21 May 2021

Internationalisation outside the classroom

Student Well-beeing

The University of Copenhagen is a big university. Its campuses are spread around town and so are the dorms and student cafés. Studenterhuset is a café and location where students come together across the many subjects and faculties at the University of Copenhagen. It plays an important role in students’ well-being and their social lives outside of the classroom.

Jacob Ørum is the Director of Studenterhuset in Copenhagen. We asked him a few questions about their work with both international and local students.

We need to understand that international students are in a temporary situation. They have more time, they want to create new networks and to experience the city and country in which they are studying. This is not the case for local students, who might be busy with all kinds of things.

Jacob Ørum and his colleagues at Studenterhuset have been working on how to help make relations between international and local students equal. There has been a tendency to put the local student in the role of a mentor and the international student as the mentee. There is nothing wrong with this, but to form meaningful and lasting relations students must see themselves as equals.

Jacob Ørum, Director of Studenterhuset. Foto by Lene Munk

A reverse relationship

Studenterhuset discovered that one of the ways in which you can flip the mentor/mentee relation of the students is to find areas where the international student is the resource. One example of this is Studenterhusets sustainability project, Actory. It turned out to be the international students who had a lot of knowledge about sustainability. This turned them into a resource for the local students, which created a space where the students could form equal relations.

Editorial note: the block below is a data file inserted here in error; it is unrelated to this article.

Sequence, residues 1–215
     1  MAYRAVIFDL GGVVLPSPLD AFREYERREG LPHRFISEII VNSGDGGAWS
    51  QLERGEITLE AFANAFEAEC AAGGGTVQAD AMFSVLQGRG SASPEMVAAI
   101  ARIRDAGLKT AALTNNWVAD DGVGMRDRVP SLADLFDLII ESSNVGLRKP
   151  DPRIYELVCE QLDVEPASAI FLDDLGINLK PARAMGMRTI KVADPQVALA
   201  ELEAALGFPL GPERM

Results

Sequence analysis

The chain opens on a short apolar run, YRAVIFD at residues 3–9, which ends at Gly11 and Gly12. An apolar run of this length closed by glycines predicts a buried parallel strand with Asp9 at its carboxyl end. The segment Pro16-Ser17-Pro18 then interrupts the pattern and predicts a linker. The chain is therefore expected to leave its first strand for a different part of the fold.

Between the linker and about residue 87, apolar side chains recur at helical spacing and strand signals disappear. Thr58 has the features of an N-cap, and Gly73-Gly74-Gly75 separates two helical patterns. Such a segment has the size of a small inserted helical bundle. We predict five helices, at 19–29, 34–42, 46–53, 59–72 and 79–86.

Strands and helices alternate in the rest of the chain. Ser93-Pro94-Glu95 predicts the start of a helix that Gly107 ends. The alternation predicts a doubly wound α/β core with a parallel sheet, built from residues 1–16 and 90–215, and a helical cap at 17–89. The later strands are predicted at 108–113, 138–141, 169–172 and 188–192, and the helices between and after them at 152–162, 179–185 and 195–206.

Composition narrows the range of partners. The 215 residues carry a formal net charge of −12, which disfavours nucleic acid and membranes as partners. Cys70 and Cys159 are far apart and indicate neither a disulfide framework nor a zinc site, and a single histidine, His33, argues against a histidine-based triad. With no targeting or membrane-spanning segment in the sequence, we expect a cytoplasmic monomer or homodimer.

Another example is the annual Super Bowl event. This is something that the local students find very interesting but it’s the American students who run the event.

The well-being of both international and local students

Students’ well-being is a topic that Studenterhuset puts a lot of work into. According to Jacob Ørum, this is actually a subject where the international students can be seen as another type of resource. “Many international students come from universities where mental health and well-being is a big part of the university and their daily lives. Some of them are also very good at talking about these matters. This is a resource that we should take advantage of.

Studenterhuset’ s primary motivation is to create a space where people can meet: “The university is big and it’s easy to feel lonely; we want to be that place where students can meet each other across study fields, faculties and even universities.

Reach out

Studenterhuset is closed at the moment due to COVID-19. We asked Jacob Ørum if he had some advice to staff working with international students and their well-being in these trying times.

"The scarcity of information in English is an issue requiring special attention. It sounds simple, but it is easy to forget that most international students are trying to navigate a society where most of the practical information is in Danish. If we can help them with this, we have come a long way," Jacob Ørum replies. 

As a last advise, which is pretty straightforward, Jacob Ørum says: “Reach out, show interest and let them know that they are not alone.

By Simone Hauskov and Alexandra Osorio Brito